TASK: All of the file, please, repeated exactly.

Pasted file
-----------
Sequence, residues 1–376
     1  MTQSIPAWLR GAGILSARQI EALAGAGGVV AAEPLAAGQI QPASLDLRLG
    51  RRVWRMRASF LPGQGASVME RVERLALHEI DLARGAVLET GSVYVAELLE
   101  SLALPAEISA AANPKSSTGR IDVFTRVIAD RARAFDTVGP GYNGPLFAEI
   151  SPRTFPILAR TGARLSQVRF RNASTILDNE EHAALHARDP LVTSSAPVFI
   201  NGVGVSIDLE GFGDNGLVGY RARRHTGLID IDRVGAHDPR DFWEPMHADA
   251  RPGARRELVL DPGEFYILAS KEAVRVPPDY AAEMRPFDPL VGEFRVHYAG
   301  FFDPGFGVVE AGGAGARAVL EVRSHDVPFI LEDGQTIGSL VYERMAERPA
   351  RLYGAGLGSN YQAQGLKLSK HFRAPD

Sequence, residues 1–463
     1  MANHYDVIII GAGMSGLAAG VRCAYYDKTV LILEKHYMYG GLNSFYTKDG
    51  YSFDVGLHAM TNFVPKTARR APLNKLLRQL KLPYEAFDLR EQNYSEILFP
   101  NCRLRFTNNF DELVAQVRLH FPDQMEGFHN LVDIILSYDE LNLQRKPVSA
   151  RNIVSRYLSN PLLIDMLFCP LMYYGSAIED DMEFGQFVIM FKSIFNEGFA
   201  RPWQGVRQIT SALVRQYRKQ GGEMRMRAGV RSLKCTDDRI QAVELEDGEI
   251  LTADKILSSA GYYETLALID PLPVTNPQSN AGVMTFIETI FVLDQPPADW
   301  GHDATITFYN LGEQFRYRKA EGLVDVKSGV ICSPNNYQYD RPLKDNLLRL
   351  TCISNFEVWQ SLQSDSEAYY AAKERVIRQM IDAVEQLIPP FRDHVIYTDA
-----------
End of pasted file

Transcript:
Sequence, residues 1–376
     1  MTQSIPAWLR GAGILSARQI EALAGAGGVV AAEPLAAGQI QPASLDLRLG
    51  RRVWRMRASF LPGQGASVME RVERLALHEI DLARGAVLET GSVYVAELLE
   101  SLALPAEISA AANPKSSTGR IDVFTRVIAD RARAFDTVGP GYNGPLFAEI
   151  SPRTFPILAR TGARLSQVRF RNASTILDNE EHAALHARDP LVTSSAPVFI
   201  NGVGVSIDLE GFGDNGLVGY RARRHTGLID IDRVGAHDPR DFWEPMHADA
   251  RPGARRELVL DPGEFYILAS KEAVRVPPDY AAEMRPFDPL VGEFRVHYAG
   301  FFDPGFGVVE AGGAGARAVL EVRSHDVPFI LEDGQTIGSL VYERMAERPA
   351  RLYGAGLGSN YQAQGLKLSK HFRAPD

Sequence, residues 1–463
     1  MANHYDVIII GAGMSGLAAG VRCAYYDKTV LILEKHYMYG GLNSFYTKDG
    51  YSFDVGLHAM TNFVPKTARR APLNKLLRQL KLPYEAFDLR EQNYSEILFP
   101  NCRLRFTNNF DELVAQVRLH FPDQMEGFHN LVDIILSYDE LNLQRKPVSA
   151  RNIVSRYLSN PLLIDMLFCP LMYYGSAIED DMEFGQFVIM FKSIFNEGFA
   201  RPWQGVRQIT SALVRQYRKQ GGEMRMRAGV RSLKCTDDRI QAVELEDGEI
   251  LTADKILSSA GYYETLALID PLPVTNPQSN AGVMTFIETI FVLDQPPADW
   301  GHDATITFYN LGEQFRYRKA EGLVDVKSGV ICSPNNYQYD RPLKDNLLRL
   351  TCISNFEVWQ SLQSDSEAYY AAKERVIRQM IDAVEQLIPP FRDHVIYTDA